ecoru bottle raku-mochi (easily-held) “Morinomizudayori”
1.The waist of the bottle is three times stronger to prevent deformation.
2.Consumers can easily hold the bottle since they can completely wrap their fingers around the waist of the bottle.
3.The circumference of the waist is small, allowing consumers with small hands to easily hold the bottle.
4.The edges of the groove are deep and large, which enables consumers to easily pour drinks without the bottle slipping from the hands.
The Air Bottle was introduced for the “AQUARIUS” sports drink 500ml PET in 2010. Its ergonomic design allows consumers to easily hold the bottle, and the air cushion-like feel offers a comfortable grip.
Grip Bottle & Fit Bottle
The Grip Bottle by Coca-Cola is a bottle shape that is designed for easy portability. It has a dent around the waist of the bottle, as well as a unique surface finish.
The Fit Bottle is designed to be gripped comfortably and used for “Sokenbicha” drinks.
The Bubble Bottle is a name that describes the “bubbles’ in carbonated drinks.
It is used to express the pop and bubbly fun of “FANTA” drinks.
1.Mitigation of environmental burden
We seek to mitigate environmental burden in our product life cycle, namely throughout the processes of procurement of materials, production, logistics, storage, sales, recovery and recycling. We also consider environmental burden in developing new products, implementing services, selecting suppliers and so on.
2.Water resource conservation
We strive to reduce water to be used for manufacturing and treat it properly. Moreover, we work on conserving water resources through collaborations with local communities in order to hand over rich water resources to next generations.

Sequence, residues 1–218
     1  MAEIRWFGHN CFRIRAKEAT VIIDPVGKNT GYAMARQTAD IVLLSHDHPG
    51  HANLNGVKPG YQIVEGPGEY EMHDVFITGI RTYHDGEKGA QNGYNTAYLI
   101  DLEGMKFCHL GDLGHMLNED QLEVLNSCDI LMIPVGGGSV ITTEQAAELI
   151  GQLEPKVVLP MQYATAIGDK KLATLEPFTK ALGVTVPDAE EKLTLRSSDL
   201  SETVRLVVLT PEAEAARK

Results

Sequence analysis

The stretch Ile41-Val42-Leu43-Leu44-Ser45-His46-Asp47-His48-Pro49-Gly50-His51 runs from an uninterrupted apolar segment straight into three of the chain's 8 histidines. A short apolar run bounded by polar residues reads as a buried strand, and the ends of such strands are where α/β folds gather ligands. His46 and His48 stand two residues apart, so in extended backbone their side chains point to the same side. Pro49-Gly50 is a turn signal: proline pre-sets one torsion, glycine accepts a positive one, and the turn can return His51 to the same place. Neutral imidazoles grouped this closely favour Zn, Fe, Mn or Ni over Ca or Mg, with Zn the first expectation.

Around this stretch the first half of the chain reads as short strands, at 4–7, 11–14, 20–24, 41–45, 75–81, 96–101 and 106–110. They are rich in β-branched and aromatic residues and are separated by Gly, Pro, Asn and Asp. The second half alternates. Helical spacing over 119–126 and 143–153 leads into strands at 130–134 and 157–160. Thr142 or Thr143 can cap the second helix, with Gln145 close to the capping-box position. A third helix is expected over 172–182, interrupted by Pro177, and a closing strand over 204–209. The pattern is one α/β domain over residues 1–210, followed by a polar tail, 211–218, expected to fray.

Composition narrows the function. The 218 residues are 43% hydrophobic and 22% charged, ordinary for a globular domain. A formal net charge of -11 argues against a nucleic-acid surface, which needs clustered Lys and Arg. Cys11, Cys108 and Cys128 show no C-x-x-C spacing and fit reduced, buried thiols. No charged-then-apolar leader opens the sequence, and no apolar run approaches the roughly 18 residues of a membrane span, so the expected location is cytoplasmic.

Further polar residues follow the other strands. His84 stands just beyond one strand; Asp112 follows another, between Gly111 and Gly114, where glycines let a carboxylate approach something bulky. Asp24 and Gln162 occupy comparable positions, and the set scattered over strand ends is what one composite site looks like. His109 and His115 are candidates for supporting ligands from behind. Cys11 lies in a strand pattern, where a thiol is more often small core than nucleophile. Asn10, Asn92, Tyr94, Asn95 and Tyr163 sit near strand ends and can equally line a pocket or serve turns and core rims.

3.Mitigation of climate change
In addition to making contributions to mitigate climate change, we engage in initiatives to reduce greenhouse gas emissions at all business areas for sustainable growth of our businesses.
4.Efficient use of resources
We invest appropriate corporate resources to establish sustainable society with circular economy and to efficiently use the resources such as water and energies.
We focus on communications with stakeholders including local communities and act as a trusted company exceeding their expectations, aiming for meeting each of their needs.
We offer various opportunities and activities of enlightenment to raise awareness on environment for those in local communities and all who are involved in our business. We also play an active role in community activities on environment.
7.Improvement of environmental performances
We work on continuous improvement of environmental performances by regularly reviewing our environmental targets proactively and as needed.
8.Compliance of laws and regulations
We set up more stringent voluntary standards according to the request of The Coca-Cola Company, not to mention our compliance to environment-related laws and regulations, ordinances and various agreements.
The policy is enacted and enforced effective January 1, 2018.